But on the other hand (Mr. Lomax points out): Fusion clearly can make it possible for a small party to grow (at least, grow in terms of vote count) without running into the spoiler trainwreck.

The real issue here is why fusion was outlawed, state by state. I'd presume that it is the same reason as why the Electoral College was corrupted by the winner-take-all rules also adopted state-by-state. The majority in each state had the power to do it, and it conveniently suppressed third parties and lower-powered groups.

What has it actually accomplished?

New York State has had fusion voting for my entire lifetime. As a result, NY State has developed many minor parties which do not even exist in the rest of the country (e.g. the Liberal Party). That may sound good at first, but the trouble is, the Liberal Party is a fake party. It almost never runs its own candidates like a real party. Its sole purpose is to provide duplicate ballot slots for fusion candidates, for which it receives payoffs from those candidates ("Put me on the Liberal Party slot and I'll pay you $$$$?" "Deal."). The Working Families Party is the same way. This all is widely regarded in New York State as a joke and yet another incarnation of the massively corrupt and dysfunctional state of its politics. Has this somehow empowered these parties and made them politically relevant in NY State? Not at all. They aren't parties, they are "our endorsement for payoffs" organizations which apparently solely benefit their bosses.

In fact, one of the few times the Liberal Party ran a genuine candidate, former Republican Jacob Javits, it caused a "spoiler" pathology causing the candidate New Yorkers wanted least, Alfonse D'Amato, to win the senatorship in 1980. Polls indicated D'Amato would have lost in a head-to-head contest with either Javits or Holtzman. Once elected, "senator pothole" D'Amato was mainly renowned for his affinity for pork and dubious ethics, and after his defeat by Schumer began a lucrative career as a lobbyist, once famously receiving $100,000 for making a single phone call.

Fusion voting was a key part of the strategy of the New Party (formed in 1992 and active for about six years). The New Party went into decline after the Supreme Court ruled 6-3 in 1997 in Timmons v. Twin Cities Area New Party that states are not required to permit fusion voting. One of the founders of the New Party and its former executive director, Dan Cantor, later became executive director of the Working Families Party, which was started in New York in 1998, partly to take advantage of the fact that New York is one of the few states that still permits fusion voting.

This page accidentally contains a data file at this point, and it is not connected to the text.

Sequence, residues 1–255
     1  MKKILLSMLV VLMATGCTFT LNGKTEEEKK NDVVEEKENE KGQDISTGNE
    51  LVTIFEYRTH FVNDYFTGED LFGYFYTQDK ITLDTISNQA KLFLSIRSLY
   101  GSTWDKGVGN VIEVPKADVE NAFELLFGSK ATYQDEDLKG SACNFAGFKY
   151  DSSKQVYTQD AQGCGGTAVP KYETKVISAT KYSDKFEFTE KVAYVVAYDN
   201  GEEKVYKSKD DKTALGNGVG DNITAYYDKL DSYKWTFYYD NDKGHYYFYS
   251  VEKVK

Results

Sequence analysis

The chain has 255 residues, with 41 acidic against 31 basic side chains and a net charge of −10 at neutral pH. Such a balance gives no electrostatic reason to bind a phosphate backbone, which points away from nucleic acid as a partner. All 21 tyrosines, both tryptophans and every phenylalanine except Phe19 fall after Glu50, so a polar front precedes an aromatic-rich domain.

Another historical example: Bryan vs McKinley 1896

The Populist Party and Democratic Party and Silver Republican Party all ran William Jennings Bryan for the US Presidency in 1896 in an act of nationwide fusion. (Fusion was apparently just fine in those days and forbidden nowhere.) Bryan then lost to the Republican, William McKinley. However, the Populists and Democrats ran different Vice Presidential running mates. If Bryan had won, then his VP would presumably have been Arthur Sewell (D) or Thomas E. Watson (P). However, you had to wonder: could Bryan have split the vote with himself and thus lost? For example, if Bryan-Sewell got 33%, Bryan-Watson got 33%, and McKinley-Hobart 34%, would that have been a victory for the McKinley-Hobart team? (Or just for Hobart?) We doubt that, of course, but anyway, the USA did not have to find that out, since McKinley just beat Bryan, but a lot of voters probably were wondering and confused. Some suspect, therefore, that the fusion ticket may actually have cost Bryan votes.

Another historical example: New York State Governor Race 2010

Fusion is legal in NY State (one of the few states that has it), but had no useful effect that I ever noticed during 1981-2010. In the 2010 Governor race it led to a huge screwup and embarrassment for everybody.